WHO: All public and private schools, golf courses, nurseries, farmers, ag dealers, cities, towns, municipalities and county units of government or others receiving this notice are eligible to participate.

WHEN: 9:00 a.m. to 3:00 p.m. Local Time

WHERE: August 7, 2012: Vigo County Fairgrounds in Terre Haute, IN
August 9, 2012: Dubois County Fairgrounds, Huntingburg, IN
August 14, 2012: White County Fairgrounds in Reynolds, IN
August 16, 2012: Henry County Fairgrounds in New Castle, IN

HOW: Complete Page 2 of the linked Pesticide Clean Sweep Planning Form to the best of your ability. Mail, fax or e-mail the completed form to Kevin Neal at 765-494-4331 or nealk@purdue.edu no later than Mon., July 30, 2012. Then bring your labeled, leak free and safe to transport containers to the collection site. DO NOT mix materials. In case of an emergency, you should bring with you a list of products you are carrying and a contact
phone number.

*NOTE: OISC reserves the right to cancel this Pesticide Clean Sweep Project if there is not adequate demand. Participants submitting the enclosed planning form by July 30, 2012 will be contacted immediately if cancellation is necessary.

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New Weed Control Publication for Turf Professionals

A new publication from the Purdue turf program is now available to professional turf managers. The 88 page publication includes content on:
  • Turfgrass Culture
  • Weed Types
  • Weed Life Cycles
  • Developing a Weed Control Program
  • Indicator Weeds              
  • Herbicide Information (use, nomenclature, classification, mode of action, movement, resistance, etc.)
  • Control of Tough Weeds
  • Frequently Asked Questions and Answers About Weed Control with Herbicides
  • Nonselective Herbicides/Fumigants for Turfgrass Renovation
  • Nonselective Herbicides for Turfgrass Border Maintenance (Edging)
  • Preemergence Herbicides (weed control ratings for preemergence herbicides, turf tolerance information, and more instructions for each product)
  • Postemergence Herbicides (weed control ratings for postemergence broadleaf herbicides and turf tolerance, and more instructions for each product)
  • Commonly Used Broadleaf Herbicide Combinations for Turfgrass
  • Active Ingredients in Commonly Used Herbicide Combinations
  • Sedge Control Herbicides (sedge control and turfgrass tolerance ratings, turf tolerance information, and more instructions for each product)
  • Plant Growth Regulators for General Turf Use
  • Preemergence, Postemergence and PGR Options for Putting Greens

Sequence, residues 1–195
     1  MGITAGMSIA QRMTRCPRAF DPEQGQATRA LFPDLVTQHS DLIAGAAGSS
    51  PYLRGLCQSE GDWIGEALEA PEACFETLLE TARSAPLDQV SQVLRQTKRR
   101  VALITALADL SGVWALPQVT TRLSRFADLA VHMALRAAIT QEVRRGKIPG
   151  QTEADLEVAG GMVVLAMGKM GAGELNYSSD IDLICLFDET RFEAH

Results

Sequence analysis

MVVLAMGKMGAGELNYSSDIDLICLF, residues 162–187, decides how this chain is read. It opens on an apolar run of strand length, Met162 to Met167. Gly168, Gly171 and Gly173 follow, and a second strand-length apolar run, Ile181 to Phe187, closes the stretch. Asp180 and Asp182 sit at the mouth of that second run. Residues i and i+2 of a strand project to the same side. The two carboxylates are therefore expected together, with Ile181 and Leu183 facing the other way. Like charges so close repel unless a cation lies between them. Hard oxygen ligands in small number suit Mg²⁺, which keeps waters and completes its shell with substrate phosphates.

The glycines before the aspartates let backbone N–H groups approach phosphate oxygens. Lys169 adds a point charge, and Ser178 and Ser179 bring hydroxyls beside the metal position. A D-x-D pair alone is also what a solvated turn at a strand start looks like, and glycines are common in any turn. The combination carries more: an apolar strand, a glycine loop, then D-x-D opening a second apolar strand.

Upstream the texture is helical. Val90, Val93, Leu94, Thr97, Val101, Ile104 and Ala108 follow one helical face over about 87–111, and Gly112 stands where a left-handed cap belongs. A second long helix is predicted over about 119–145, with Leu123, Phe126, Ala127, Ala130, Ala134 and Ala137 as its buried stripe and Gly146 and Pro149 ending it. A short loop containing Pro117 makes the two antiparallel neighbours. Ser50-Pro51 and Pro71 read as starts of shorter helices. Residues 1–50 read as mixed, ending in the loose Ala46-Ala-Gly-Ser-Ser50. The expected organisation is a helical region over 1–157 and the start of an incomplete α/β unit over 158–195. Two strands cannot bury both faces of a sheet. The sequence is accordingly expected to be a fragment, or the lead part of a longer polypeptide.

• Postemergence Weed Control in Creeping Bentgrass Putting Greens
  • Common and Trade Names of Registered Herbicides and Plant Growth Regulators (264 different products and 98 unique herbicide ingredient combination are discussing in this publication)
  • Herbicide/PGR Common Names, Chemical Families, and Modes of Action
  • Herbicide Math
This is truly a comprehensive guide for those using herbicides in turf regardless of whether you manage athletic fields, a golf course, lawns, cemeteries, sod farms, parks, or other turf areas.

It is sold for $12 as a hard copy (paperback) only. For companies with many employees interested in this information, a 25% discounted bulk order of 25 copies is available for $225.

Turfgrass Weed Control for Professionals, 2012 edition

Aaron Patton, Turfgrass Extension Specialist

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Burn Bans, Fireworks, and Turf

As of today, July 10th 2012, there are 85 counties in the state of Indiana that are reporting active burn bans (http://www.in.gov/dhs/files/burn-ban/).  Many of these bans include the use of public and personal firework displays.  Although these bans are in place and we are past July 4th, it may be necessary to survey sites under your control for damage (see image below).  Unintended fires in extreme drought conditions can start for a variety of reasons and care should be taken for turfed areas as they pose a threat for spreading fires among residential areas.  A recent Turf Tip titled “My lawn is brown and cruchy…is it dead? What do I do now?” details some management decisions to be made in these extreme weather conditions.    

A firework caused this stand to catch on fire on the evening on July 4th, 2012. 

Jon Trappe, Graduate Research Assistant